Reading Time: 11 minutes

Heavy seas tossed the enormous ship as if it were but a lifeboat. Lightning tore asunder the darkness of the moonless night. Thunder punctuated the relentless drumming of rain on the wooden roof. Animals screeched, bellowed, and howled in their stalls. They made more noise than usual that night.

(Image provided by Henry Herz)

Broad-shouldered first mate Japheth barely heard six bells rung above the cacophonous choir. He swayed for balance as he trod the watch along creaking planks. His dread grew with each stride that a beast would burst free from its cage. Men would die should that happen. Muttering a prayer of thanks and sweating despite the chill, he completed his rounds at midnight. He rushed to his cabin, shut the door, and threw the bolt home.

In their padlocked reinforced stall, a pair of manticores exchanged glances. Gula, the female, growled. “I’m still hungry.” She bared her triple rows of razor-sharp fangs, alarming in their stark contrast with her otherwise alluring human face. Vicious talons sprouted from her four thick paws. Her tail, tipped with sharp barbs, swished in agitation.

Her mate licked his lips. “I’m always hungry,” replied Gluttire. “I can’t stomach any more of the cornmeal we’re fed. It’s been too long since I’ve had bloody meat … or killed prey.”

Gula’s mouth formed a mirthless smile. She nodded and tossed her russet mane. “Yesss. The entire ship can be our larder. Let’s stretch our legs.” The pair bunched their powerful leonine limbs and leaped over their high stall wall. They landed without a sound. The pair padded down the wide passageway, their heads swiveling left and right. In the other stalls, nostrils flared. Eyes snapped open. Hair rose on the back of necks. Even without hearing the prowling apex predators, the animals shrunk to the far corners of their stalls. Sleeping crew twisted in their bunks and dreamed of death and darkness.

“I’m in the mood for poultry,” Gula whispered. “Follow my lead.” She stopped in front of a stall holding a pair of harpies. “Good evening.”

“And to you, mistress,” the harpies replied, retreating to the rear of their stall.

“How are you handling the voyage so far?” Gula asked with false solicitude.

“As well as most, I suspect. But there’s never enough to eat.”

Gula smiled. “Indeed. But you might be pleased to learn that Gluttire and I have some spare corn. You’re welcome to share.”

The harpies whispered to each other, tossing an occasional glance at the manticores. Despite their poorly masked wariness, drool seeped slowly from their beaks. “That’s most gracious of you, mistress. But we cannot accept your hospitality. As you can see, our pen is floor-to-ceiling.”

“Nonsense,” replied Gula. “We’d love to have you for dinner.” Quick as a striking snake, her taloned paw struck the lock on the harpy pen. It shattered and tumbled to the deck. Gula pushed open the gate. “After you.”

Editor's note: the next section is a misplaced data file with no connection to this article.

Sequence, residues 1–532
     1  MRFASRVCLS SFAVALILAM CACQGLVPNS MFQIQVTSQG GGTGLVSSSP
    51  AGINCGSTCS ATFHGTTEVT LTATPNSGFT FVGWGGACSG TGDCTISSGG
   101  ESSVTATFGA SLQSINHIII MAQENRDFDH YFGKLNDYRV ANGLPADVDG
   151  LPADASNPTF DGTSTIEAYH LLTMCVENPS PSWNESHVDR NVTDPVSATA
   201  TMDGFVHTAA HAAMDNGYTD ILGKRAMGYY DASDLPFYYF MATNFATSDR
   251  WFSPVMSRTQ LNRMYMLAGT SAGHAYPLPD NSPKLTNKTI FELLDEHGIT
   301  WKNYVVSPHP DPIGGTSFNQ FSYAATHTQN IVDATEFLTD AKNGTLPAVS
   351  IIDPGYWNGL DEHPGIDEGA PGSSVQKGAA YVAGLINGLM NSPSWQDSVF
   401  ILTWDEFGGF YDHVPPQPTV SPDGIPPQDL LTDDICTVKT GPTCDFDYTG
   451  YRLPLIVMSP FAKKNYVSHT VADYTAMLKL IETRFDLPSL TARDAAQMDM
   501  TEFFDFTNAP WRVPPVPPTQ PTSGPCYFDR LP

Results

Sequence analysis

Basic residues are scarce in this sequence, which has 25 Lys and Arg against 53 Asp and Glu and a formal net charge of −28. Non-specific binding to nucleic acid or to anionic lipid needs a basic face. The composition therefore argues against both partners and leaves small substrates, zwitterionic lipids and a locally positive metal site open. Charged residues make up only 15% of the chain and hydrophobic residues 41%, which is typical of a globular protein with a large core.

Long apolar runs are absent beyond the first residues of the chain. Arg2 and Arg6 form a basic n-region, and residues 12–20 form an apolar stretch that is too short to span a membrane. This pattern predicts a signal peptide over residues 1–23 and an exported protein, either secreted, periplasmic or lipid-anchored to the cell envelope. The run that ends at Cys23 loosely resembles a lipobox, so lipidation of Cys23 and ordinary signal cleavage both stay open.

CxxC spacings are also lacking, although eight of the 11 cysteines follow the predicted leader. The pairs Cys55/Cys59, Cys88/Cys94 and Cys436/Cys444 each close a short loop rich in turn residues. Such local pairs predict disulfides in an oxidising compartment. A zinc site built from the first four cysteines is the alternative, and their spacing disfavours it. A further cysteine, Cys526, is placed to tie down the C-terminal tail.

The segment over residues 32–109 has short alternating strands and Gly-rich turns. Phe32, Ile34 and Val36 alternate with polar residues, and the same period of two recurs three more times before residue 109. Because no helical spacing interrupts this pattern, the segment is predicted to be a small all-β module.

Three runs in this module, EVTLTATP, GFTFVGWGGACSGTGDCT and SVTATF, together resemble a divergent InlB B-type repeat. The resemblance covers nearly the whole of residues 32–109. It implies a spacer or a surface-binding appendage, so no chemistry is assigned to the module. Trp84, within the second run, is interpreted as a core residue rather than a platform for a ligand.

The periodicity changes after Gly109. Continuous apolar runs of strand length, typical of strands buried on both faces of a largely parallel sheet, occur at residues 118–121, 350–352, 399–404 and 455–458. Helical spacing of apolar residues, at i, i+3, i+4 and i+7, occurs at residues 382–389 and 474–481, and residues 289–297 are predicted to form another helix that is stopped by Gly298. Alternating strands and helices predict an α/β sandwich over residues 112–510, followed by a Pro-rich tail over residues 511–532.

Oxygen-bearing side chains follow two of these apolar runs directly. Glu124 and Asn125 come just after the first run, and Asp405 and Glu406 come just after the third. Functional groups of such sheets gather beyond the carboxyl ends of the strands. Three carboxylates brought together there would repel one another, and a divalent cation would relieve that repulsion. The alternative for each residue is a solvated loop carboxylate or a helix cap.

The ungainly harpies hesitated. But eventually gluttony overcame their fear, and they hopped down the passageway like starving vultures toward a ripe carcass. They reached the manticore stall. With a fluttering of black feathered wings, the harpies cleared the top, soon joined by their hosts.

“As promised, there’s the corn,” said Gula, pointing to a sack in the corner of the stall. Needing no further invitation, the harpies waddled to the sack and tore into the contents. They gorged, while the manticores watched.

Eventually, the harpies rested from their labors, their stomachs bulging. “Our thanks, mistress. I haven’t felt so full in an age.”

“You’re most welcome. Please, help yourself to more.”

“Oh, I couldn’t swallow another kernel.”

Gula smiled. “Oh, I think you could.”

The harpies gulped and exchanged a glance. They backed away from their hosts.

Each manticore lunged and grasped a harpy by the throat with an iron grip. But no coups de grâce, no head-severing bites offered quick release from terror and pain. With her free forepaw, Gula grabbed a fistful of grain and shoved it down her harpy’s throat. Gluttire mimicked his mate. Gulping for breath, the harpies couldn’t scream … for the next few hours. Their prolonged torture prompted hissing, growling, and wailing by the manticores’ neighbors, all to no avail. The din of the storm drowned their shouts.

When the corn was gone, Gluttire bit the head off his harpy, feathers and all. He quickly polished off the harpy with a few more gulps. The other harpy begged for mercy. Gula just smiled. There was no mercy to be had.

In an almost leisurely fashion, Gula ripped one limb at a time from the squawking, thrashing harpy. She delicately picked the flesh off the bones, then snapped them and sucked out the marrow. She slit open the torso of the now still harpy and methodically ate the organs, saving the liver for last.